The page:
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By Alicia Adamczyk
October 10, 2016
Warren Buffett, chairman and chief executive officer of Berkshire Hathaway Inc., plays table tennis.
Warren Buffett, chairman and chief executive officer of Berkshire Hathaway Inc., plays table tennis.
Bloomberg—Bloomberg via Getty Images

Don’t come for Warren Buffett if you can’t back it up.

Monday, the billionaire released a statement aimed at Republican presidential nominee Donald Trump, who insisted at Sunday’s second presidential debate that Trump uses the same tax loopholes as wealthy supports of Democratic nominee Hillary Clinton, including Buffett.

Buffett, who supports Clinton, released information on his taxes, reporting adjusted gross income of $11.6 million in 2015, and deductions of $5.5 million. He notes he donated over $2.858 billion in 2015, of which just $3.5 million were allowable deductions.

Read Next: Why Even Conservative Republicans Say Donald Trump Must Release His Tax Returns

Buffett and Trump have sparred over tax returns for months. According to documents obtained by the New York Times, Trump may not have paid federal income tax for the past 20 years due to loopholes he supposedly does not support. It’s impossible to know for sure how much Trump has actually paid, because unlike every presidential nominee since 1976, he will not release his tax returns.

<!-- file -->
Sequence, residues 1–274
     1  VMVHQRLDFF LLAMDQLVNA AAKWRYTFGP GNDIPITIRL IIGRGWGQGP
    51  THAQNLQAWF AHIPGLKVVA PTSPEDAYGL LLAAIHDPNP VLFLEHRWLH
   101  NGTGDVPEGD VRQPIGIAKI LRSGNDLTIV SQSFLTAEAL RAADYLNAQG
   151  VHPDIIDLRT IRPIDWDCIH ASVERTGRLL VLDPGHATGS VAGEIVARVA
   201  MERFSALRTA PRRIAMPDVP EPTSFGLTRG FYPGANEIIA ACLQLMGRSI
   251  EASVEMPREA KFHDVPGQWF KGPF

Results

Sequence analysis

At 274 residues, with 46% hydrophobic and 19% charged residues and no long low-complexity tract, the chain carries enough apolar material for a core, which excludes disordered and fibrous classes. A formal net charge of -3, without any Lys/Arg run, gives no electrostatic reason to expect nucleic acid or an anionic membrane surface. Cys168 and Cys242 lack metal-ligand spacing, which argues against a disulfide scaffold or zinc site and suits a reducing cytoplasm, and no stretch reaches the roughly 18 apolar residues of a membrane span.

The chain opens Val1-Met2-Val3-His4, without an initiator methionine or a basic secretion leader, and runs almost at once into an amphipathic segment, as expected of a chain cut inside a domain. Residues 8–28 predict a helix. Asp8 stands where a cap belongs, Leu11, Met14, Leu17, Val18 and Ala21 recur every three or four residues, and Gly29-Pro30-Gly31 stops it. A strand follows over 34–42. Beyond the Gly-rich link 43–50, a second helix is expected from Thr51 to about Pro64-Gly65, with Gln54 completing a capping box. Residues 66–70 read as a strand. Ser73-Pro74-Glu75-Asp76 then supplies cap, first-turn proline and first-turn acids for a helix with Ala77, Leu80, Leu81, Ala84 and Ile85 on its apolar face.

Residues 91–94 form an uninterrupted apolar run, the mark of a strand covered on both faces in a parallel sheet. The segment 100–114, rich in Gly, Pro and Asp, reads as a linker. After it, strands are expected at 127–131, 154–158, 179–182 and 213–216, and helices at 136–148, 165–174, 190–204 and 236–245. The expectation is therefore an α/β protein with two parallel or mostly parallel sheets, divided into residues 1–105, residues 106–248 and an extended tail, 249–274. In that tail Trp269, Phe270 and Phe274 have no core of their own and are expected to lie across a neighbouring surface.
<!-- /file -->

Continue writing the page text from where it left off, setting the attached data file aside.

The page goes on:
Excuses for why this is have varied. Trump claims he is under audit and so cannot—Buffett notes he too is under audit but would gladly release them—while the candidate’s son, Eric, says people just wouldn’t understand the documents.

“I have no problem in releasing my tax information while under audit. Neither would Mr. Trump –- at least he would have no legal problem,” Buffett writes.

Interestingly, Buffett’s statement includes that he paid $7 in income tax in 1944, when he was 13. It’s possible that that $7 is more than Trump has paid in almost two decades.

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The purpose of this disclosure is to explain how we make money without charging you for our content.

Our mission is to help people at any stage of life make smart financial decisions through research, reporting, reviews, recommendations, and tools.

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Our content is free because our partners pay us a referral fee if you click on links or call any of the phone numbers on our site. If you choose to interact with the content on our site, we will likely receive compensation. If you don't, we will not be compensated. Ultimately the choice is yours.

Opinions are our own and our editors and staff writers are instructed to maintain editorial integrity, but compensation along with in-depth research will determine where, how, and in what order they appear on the page.

To find out more about our editorial process and how we make money, click here.

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